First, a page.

A flippant attitude, even though traffic conditions have changed, is on display from NSW Roads and Maritime Services. Unnecessary curfews restricting heavy loads in the Hunter region of NSW should be removed, according to ATANSW. The association applauded Premier Mike Baird’s $273 million plan to fix congestion in the Hunter region, but urged him to first remove productivity-stifling heavy vehicle curfews across the area.
According to ATANSW Manager, Jodie Broadbent, existing heavy vehicle curfews prevent trucks from passing through the Hunter region quickly, creating an artificial traffic backlog.
“In March 2014, the $1.7 billion Hunter Expressway was opened, diverting more than 20,000 vehicles per day off local roads in the Hunter region,” said Broadbent. “However, curfews that restrict the movement of over dimension vehicles through those local roads are still based on the previous traffic volumes.
“These curfews can mean a truck with a big load can take two days to travel just 150 km from the Port of Newcastle carrying vital equipment for businesses in the Hunter region. The impact of this is considerable, with increased labour costs and reduced returns on assets. It also causes a build-up of heavy vehicles in areas where drivers are forced to wait between curfew windows, which defeats the whole purpose of having the curfew in the first place.”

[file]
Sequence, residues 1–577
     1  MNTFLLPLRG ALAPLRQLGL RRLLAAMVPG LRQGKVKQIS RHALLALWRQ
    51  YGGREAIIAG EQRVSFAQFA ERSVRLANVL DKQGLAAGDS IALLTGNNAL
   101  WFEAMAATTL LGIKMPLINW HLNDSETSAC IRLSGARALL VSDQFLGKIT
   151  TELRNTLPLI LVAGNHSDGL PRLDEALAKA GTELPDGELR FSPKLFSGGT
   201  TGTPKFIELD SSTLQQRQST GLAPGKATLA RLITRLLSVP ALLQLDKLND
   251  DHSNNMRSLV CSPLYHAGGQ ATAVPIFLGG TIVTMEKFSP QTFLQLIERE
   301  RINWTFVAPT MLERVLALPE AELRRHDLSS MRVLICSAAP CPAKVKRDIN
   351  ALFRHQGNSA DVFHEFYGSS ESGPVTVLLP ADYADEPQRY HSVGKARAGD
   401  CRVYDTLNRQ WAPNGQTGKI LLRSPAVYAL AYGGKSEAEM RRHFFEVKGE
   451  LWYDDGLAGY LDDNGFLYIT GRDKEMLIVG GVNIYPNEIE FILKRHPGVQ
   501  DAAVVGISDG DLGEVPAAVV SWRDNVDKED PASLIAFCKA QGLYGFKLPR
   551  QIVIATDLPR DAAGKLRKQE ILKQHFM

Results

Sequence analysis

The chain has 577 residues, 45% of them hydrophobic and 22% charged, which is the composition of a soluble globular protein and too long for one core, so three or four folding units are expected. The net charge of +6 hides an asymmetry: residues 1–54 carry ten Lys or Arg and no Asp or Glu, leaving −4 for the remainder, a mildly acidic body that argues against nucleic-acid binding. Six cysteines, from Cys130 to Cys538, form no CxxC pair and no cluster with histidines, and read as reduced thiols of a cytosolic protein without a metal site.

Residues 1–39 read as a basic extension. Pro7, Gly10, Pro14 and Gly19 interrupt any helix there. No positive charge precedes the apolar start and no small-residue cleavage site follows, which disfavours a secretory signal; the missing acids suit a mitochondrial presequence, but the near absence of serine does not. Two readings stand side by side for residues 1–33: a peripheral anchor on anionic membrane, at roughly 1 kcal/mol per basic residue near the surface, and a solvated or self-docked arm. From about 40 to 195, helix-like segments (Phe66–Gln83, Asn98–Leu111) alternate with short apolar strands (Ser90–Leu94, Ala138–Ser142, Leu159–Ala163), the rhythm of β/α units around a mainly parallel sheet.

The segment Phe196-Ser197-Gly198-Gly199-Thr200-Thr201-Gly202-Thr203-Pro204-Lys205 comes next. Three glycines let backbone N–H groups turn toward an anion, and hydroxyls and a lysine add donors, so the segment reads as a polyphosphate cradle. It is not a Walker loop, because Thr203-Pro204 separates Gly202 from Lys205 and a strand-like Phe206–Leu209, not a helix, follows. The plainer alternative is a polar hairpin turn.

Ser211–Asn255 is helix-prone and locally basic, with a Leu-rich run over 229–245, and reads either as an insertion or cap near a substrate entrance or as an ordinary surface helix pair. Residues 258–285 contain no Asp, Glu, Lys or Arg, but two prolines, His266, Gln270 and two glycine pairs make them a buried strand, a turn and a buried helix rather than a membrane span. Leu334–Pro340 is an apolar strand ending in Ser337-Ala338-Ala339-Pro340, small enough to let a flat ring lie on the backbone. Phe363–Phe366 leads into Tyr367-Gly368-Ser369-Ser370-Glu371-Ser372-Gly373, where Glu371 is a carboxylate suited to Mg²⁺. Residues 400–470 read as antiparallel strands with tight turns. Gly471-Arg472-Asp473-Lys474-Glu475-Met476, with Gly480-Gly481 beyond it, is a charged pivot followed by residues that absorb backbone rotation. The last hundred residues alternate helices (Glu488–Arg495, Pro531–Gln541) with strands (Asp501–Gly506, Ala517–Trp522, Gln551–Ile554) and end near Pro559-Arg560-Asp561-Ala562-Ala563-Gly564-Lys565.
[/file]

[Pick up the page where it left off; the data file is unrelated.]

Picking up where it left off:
Broadbent said ATANSW had requested that RMS remove the curfews to allow smooth heavy vehicle traffic flow through the Hunter region.
“As a member of the Newcastle Freight Group, we have continually urged RMS to remove the curfews in this region, especially since the opening of the Hunter Expressway. We have not been given any information as to why this has not been undertaken.
“This flippant attitude towards a simple solution to improve productivity in a region suffering with job losses is baffling. We will continue to work for members on these operational issues and make sure the government is held accountable.”